Weeds and grasses reduce yields and may interfere with harvesting. Satisfactory control can be obtained by combining timely cultivation, crop rotation and herbicide applications. Herbicides should be selected based on specific weed and grass problems encountered in each field and rotational crops to be planted following the sorghum harvest.
It is very difficult to control grass-type weeds with post-emergence herbicides so plan to use a preemergent herbicide if grass-type weeds are expected. Most of the preemergent herbicides used to control grass-type weeds require that the grain sorghum seed be coated with a seed safener which protects the young grain sorghum seedling from the harmful effects of the herbicide. Additional information on the herbicides available can be found in “Suggestions for Weed Control in Sorghum” (B-5045). Product labels should be consulted before applying any herbicide.
Insects and mites attack grain sorghum from planting until nearly harvest. The ability to identify damaging insect pests and beneficials, and to determine population levels, is a basic requirement for insect pest management. Inspect fields weekly when weather conditions are favorable for rapid pest population development. Information on these and other small grain pests and pesticides suggested for their control is presented in the attached PDF. “Managing Insect and Mite Pests of Sorghum ” (B-1220).
Treat grain sorghum with a seed protectant fungicide. Seed treatment helps prevent seedborne diseases, smuts, seed rots and seedling diseases. Reputable seed companies will clean seed before treating to eliminate weed seed and lightweight seed which often contain disease organisms. Identification of Grain Sorghum Diseases obtained from the Department of Plant Pathology and Microbiology at Texas A&M University should make a good reference for individuals interested in learning more about identifying diseases and determining methods of control.
In some situations, a desiccant to kill leaves on sorghum or grass and certain broad-leaf weeds may allow the grain to dry faster or reduce harvesting problems with vegetation. Sodium chlorate, with urea as a fire retardant, partially kills the plant and allows the head and leaves to dry rapidly for about 10 days after application. Rapid drying will occur only when there is high temperature and low humidity following application. Sodium chlorate may be applied at rates up to 6 pounds of active ingredient per acre when the sorghum is fully mature, or about 7 to 10 days before harvest. Use 5 to 10 gallons of solution per acre for aerial applications. Follow instructions given on the product label.
Harvest when grain moisture has reached the proper level for available handling facilities. Delay means losses. Acceptable long -term storage moisture is 13 percent. Grain with up to 18 percent moisture may be harvested if drying facilities are available.
To avoid waste have the combine operator follow the manufacturer’s manual on proper adjustment. Trash and cracked grain favor stored grain insects, moisture accumulation and mold damage. Practice good sanitation with all harvesting and storing. Protect grain from rodents and insects.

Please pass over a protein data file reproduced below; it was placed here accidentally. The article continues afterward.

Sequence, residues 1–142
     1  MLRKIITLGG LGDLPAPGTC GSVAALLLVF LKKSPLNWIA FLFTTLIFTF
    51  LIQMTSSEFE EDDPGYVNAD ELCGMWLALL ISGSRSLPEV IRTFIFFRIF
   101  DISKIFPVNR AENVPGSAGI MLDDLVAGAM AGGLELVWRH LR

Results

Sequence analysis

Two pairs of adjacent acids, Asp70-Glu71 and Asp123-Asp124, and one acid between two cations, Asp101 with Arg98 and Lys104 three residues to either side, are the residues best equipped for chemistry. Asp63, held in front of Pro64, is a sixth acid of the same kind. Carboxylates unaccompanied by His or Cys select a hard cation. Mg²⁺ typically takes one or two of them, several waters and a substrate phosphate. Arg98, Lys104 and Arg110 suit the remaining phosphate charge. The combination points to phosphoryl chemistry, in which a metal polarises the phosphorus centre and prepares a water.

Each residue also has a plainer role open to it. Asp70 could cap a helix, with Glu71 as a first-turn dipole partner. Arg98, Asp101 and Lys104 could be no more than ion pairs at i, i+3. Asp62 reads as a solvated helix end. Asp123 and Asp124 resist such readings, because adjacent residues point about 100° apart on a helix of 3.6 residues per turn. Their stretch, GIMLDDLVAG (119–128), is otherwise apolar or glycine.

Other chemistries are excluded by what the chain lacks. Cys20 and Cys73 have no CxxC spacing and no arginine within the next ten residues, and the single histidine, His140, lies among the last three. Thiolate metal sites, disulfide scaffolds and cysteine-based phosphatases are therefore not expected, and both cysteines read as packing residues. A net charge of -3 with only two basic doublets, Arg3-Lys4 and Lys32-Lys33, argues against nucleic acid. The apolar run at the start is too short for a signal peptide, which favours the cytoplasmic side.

Grain sorghum producers, individually or as a group, may (1) forward contract a growing crop through mutually agreed upon terms of trade, then deliver the grain at harvest, fulfilling the contract; (2) “hedge” the growing crop through a “cross-hedge” using corn on the futures market, then liquidate the hedge at harvest and deliver the grain to the local buyer for cash; (3) deliver and sell the crop at harvest to a local buyer for cash; (4) store the harvested crop in either on-farm or commercial storage facilities for cash sale at some later date; or (5) place the harvested crop under loan in an approved facility for later-than-harvest cash sale, or redeem the loan and deliver title to the grain to the government.
Weigh each marketing method carefully. Location in relation to feedlots, poultry and egg producing units, swine or sheep feeding, in addition to export demand, will help determine the most advantageous method during any marketing year.
Appreciation is expressed to all the individuals that produced the various factsheets and publications that are linked to in these pages.
Educational programs conducted by the Texas AgriLife Extension Service are open to all people without regard to race, color, sex, disability, religion, age or national origin.
Suggested pesticides must be registered and labeled for use by the Environmental Protection Agency and the Texas Department of Agriculture. Pesticide label clearances are subject to change.
The pesticide user is responsible for a pesticide’s used on his own crop, as well as problems caused by drift or pesticide movement from his property to other properties.
The information given herein is for educational purposes only. “Mention or display of a trademark, proprietary product, or firm in text or figures on this page or subsequently linked pages does not constitute an endorsement by any Extension page author and does not imply approval to the exclusion of other suitable products or firms.”
Issued in furtherance of AgriLife Extension Work in Agriculture and Home Economics, Acts of Congress of May 8, 1914, as amended, and June 30, 1914, in cooperation with the United States Department of Agriculture. Edward Smith, Director, Texas AgriLife Extension Service, The Texas A&M University System.